Buy a Hybrid Car - Save the Environment & MoneyPublished Friday, February 26, 2021
The climate is not in its best state, and the cost of gas could potentially never stop fluctuating the way it currently is. Regardless of all this, it becomes almost harder each year to survive without your vehicle. The chances of the situation improving seem to dwindle with time. People need to get around reliably, and for many years it seemed like buying a gas-powered vehicle was the way one could achieve that objective. That has been the standard for many years, so how were people going to break away from it? Should they even break out of it?
Hybrid Cars Are Increasing in Popularity
Well, there's quite a bit more information out there these days, and the number of people switching to green energy alternatives each year continues to increase. Hybrid vehicles are a testament to this change, and many would agree that it's a welcome one. Electric vehicles don't have the rights reserved on transport method designs, which means you don't need to be at the mercy of gas prices, nor do you need to keep dealing with the synonymous emissions with them. You can trade-in your old gas engine and start taking advantage of the fuel efficiency that comes with hybrids.
What's the Big Deal?
So, why are hybrids such a great alternative, and what makes a full or partial electric motor such a huge step in innovation? This explanation isn't going to be too long, but there's quite a bit of useful information here to wrap your head around. If you want a sneak peek, how does saving money and protecting the environment more each year sound?
Keep an Open Mind
You may even feel like you want to get your hands on a hybrid when this is all done, but no need to get jumpy. It's time to dissect the benefits of driving hybrid vehicles instead of conventional petrol-based ones. If you feel the urge to use this information as an example to others, by all means, feel free!
Does Buying a Hybrid Save You Money?
So, it's important to avoid spreading misinformation here just to get people to drive a hybrid. The truth is a hybrid car could save you money, but it's not always a guarantee that everyone who decides to drive one is going to see a dramatic reduction in costs compared to their fuel-based alternatives.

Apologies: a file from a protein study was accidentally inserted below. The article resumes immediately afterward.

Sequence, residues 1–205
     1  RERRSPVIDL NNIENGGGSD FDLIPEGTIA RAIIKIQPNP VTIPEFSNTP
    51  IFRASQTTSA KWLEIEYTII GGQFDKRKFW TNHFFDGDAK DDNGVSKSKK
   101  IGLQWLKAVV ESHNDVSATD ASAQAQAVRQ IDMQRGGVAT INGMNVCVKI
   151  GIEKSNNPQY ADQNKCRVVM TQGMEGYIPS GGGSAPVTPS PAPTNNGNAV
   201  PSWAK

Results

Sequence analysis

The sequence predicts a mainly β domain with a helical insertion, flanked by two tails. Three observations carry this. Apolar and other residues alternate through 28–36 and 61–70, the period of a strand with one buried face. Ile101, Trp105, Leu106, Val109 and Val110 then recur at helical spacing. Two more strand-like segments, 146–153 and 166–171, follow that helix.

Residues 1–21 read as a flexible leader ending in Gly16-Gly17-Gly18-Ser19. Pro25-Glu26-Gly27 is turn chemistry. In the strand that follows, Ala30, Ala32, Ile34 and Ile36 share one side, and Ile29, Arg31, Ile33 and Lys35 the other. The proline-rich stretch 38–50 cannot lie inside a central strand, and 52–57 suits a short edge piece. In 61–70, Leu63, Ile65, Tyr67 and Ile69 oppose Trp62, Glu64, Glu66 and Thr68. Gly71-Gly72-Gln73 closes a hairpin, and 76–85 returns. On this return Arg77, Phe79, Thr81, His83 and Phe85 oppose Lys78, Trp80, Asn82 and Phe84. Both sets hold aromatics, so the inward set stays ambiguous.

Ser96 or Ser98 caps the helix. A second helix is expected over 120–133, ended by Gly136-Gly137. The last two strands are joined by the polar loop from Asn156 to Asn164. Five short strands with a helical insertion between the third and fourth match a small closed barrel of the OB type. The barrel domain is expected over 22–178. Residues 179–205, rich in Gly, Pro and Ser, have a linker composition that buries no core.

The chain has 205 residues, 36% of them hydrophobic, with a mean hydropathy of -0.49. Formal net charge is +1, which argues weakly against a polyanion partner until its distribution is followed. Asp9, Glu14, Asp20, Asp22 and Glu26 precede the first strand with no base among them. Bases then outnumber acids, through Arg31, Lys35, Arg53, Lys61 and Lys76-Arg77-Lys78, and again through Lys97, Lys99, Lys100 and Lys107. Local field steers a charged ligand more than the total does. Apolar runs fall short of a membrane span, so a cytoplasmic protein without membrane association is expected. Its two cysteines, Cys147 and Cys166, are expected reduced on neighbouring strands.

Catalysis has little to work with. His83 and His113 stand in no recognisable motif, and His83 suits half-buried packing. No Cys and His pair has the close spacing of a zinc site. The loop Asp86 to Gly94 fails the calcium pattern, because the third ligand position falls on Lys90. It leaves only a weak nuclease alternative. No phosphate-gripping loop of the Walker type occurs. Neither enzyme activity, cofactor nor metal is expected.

It's important to define what is meant by "hybrid" here since the number of power alternatives seems to increase per year. Vehicles, such as the Toyota Prius, are the kinds of hybrid cars being spoken to here. These are petrol-electric varieties.
Fuel Economy of Hybrid Vehicles
They can see you dealing with a lower fuel cost than normal because it is going to run on its electric power whenever it can. Of course, that requires its battery to be charged, which may not represent your situation all the time. There is a petrol engine at play, and it sometimes needs to charge the battery or keep the hybrid car running. During these times, the fuel-efficient expectation of driving a hybrid car is almost non-existent.
Sometimes It Doesn't Cost Less to Own a Hybrid Car
So, while a hybrid vehicle can benefit you on several costs through the presence of an electric motor, you're not always going to drive the car that way. For example, what happens when the battery discharge comes into the mix? Discharged batteries can't be used to make that trip to the grocery store, can they?
What price is there to pay when you want to make your hybrid car accelerate as much as it can? What's the cost of that extra speed? Realistically, the electric motor in hybrid cars, such as the Toyota Prius, aren't built to standalone at high speeds. Suddenly, your fuel consumption isn't that different, and gas prices become a problem again.
So, cross-country trips that see you driving across the highways may not be synonymous with less spending.
It's Not as Bad as You May Think
Does all this mean that you should give up on your idea to buy a hybrid vehicle? Certainly not! All you got just now was a look at situations where you don't necessarily see less spending and more savings with a hybrid in the mix. The Toyota Prius is an example of a vehicle that has been doing well for years, and much of that success comes from the benefits that people get from driving these cars.
Electric vehicles shine in city conditions, especially when you can't avoid awful traffic. So, as a partially electric vehicle, driving a hybrid car in these conditions means you really get to make use of that fuel efficiency.
The Context Is a Very Important Distinction
That's just one example, but hybrids have a ton of utility for those who drive them. There's a reason why vehicles with a fully-electric motor, such as a Tesla, seem like such a novelty. A Prius has a gas engine to go with its electric design, and it's still highly fuel-efficient in many contexts.
Is a Hybrid Really Better for the Environment?
How many times have you seen this topic about hybrid cars and the environment? If this is your first time hearing about it, you shouldn't require too much insight to understand the gist of the conversation. So, here's the thing. The price of owning a car isn't always monetary. The price of driving a car also includes more than the money you spend on it.
The Real Cost
There's an environmental cost, and whether you like it or not, you're going to have to pay that price for conventional petrol engines all the time. It comes in the form of emissions, pollution, sickness, global warming, etc. When you purchase a hybrid car, it doesn't necessarily mean that you stop paying the price, but it does mean the presence of batteries or an electric motor means much savings in that department.
It All Depends on the Context
The battery-powered side of a hybrid car is meant to be beneficial during periods of slow or urban driving. Why does this matter? Well, this is when conventional, fuel-based alternatives pose the biggest problem. Hybrids typically don't contribute to inner-city pollution in this sense since the gas-based engine is no longer the main source of power here. It's true that emissions are the same when the petrol engine is running for faster speeds or battery charging, but you are most likely going to be running on electrical power when you're driving through the city, which means the environmental cost is that much less.